Data from: Shifts of tundra bacterial and archaeal communities along a permafrost thaw gradient in Alaska
Deng, Jie et al. (2014), Data from: Shifts of tundra bacterial and archaeal communities along a permafrost thaw gradient in Alaska, Dryad, Dataset, https://doi.org/10.5061/dryad.p1602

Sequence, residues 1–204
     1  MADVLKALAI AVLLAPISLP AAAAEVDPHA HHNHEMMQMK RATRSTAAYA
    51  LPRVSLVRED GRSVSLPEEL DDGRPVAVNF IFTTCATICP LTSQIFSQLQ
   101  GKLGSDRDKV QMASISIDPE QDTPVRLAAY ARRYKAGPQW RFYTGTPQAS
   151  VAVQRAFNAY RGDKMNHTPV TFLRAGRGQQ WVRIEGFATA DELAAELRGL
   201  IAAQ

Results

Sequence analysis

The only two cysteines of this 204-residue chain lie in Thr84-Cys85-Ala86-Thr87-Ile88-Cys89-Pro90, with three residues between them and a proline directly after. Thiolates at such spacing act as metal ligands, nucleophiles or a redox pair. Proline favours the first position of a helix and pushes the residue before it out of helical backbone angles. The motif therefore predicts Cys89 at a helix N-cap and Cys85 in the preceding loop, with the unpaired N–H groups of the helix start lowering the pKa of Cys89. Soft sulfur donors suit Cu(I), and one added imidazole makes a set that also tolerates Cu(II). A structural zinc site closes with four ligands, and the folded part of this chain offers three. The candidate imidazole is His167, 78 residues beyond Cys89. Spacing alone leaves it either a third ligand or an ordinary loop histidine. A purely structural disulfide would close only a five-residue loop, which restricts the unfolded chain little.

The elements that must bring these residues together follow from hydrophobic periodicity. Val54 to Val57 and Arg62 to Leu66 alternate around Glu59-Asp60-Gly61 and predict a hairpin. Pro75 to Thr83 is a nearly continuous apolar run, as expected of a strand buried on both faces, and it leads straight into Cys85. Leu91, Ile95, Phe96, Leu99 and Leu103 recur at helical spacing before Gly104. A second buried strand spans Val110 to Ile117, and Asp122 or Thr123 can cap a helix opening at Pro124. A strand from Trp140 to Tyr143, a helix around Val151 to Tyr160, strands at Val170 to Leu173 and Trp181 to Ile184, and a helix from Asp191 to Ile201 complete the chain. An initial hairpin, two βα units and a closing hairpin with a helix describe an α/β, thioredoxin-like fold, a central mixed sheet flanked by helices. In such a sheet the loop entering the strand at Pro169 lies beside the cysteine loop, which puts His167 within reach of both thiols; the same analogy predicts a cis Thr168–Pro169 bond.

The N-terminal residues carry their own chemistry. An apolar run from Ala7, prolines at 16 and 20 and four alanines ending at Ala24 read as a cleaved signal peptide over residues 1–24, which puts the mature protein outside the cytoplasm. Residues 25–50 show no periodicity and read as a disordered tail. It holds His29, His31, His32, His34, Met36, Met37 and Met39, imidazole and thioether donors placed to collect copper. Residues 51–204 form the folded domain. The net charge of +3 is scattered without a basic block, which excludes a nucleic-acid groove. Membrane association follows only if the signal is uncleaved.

Understanding the response of permafrost microbial communities to climate warming is crucial for evaluating ecosystem feedbacks to global change. This study investigated soil bacterial and archaeal communities by Illumina MiSeq sequencing of 16S rRNA gene amplicons across a permafrost thaw gradient at different depths in Alaska with thaw progression for over three decades. Over 4.6 million passing 16S rRNA gene sequences were obtained from a total of 97 samples, corresponding to 61 known classes and 470 genera. Soil depth and the associated soil physical-chemical properties had predominant impacts on the diversity and composition of the microbial communities. Both richness and evenness of the microbial communities decreased with soil depth. Acidobacteria, Verrucomicrobia, Alpha- and Gamma-Proteobacteria dominated the microbial communities in the upper horizon, whereas abundances of Bacteroidetes, Delta-Proteobacteria and Firmicutes increased toward deeper soils. Effects of thaw progression were absent in microbial communities in the near-surface organic soil, likely due to greater temperature variation. Thaw progression decreased the abundances of potential bacterial decomposers of recalcitrant carbon (C) (Spartobacteria) in the lower organic soil, but increased the abundances of those (Actinomycetales, Chitinophaga, etc.) in the mineral soil. Such observations may reflect altered soil C sources in the organic and mineral horizons. Specifically, thaw progression could have increased labile C in the organic soil horizon through stimulated plant growth, but decreased labile C in the mineral soil due to microbial respiration.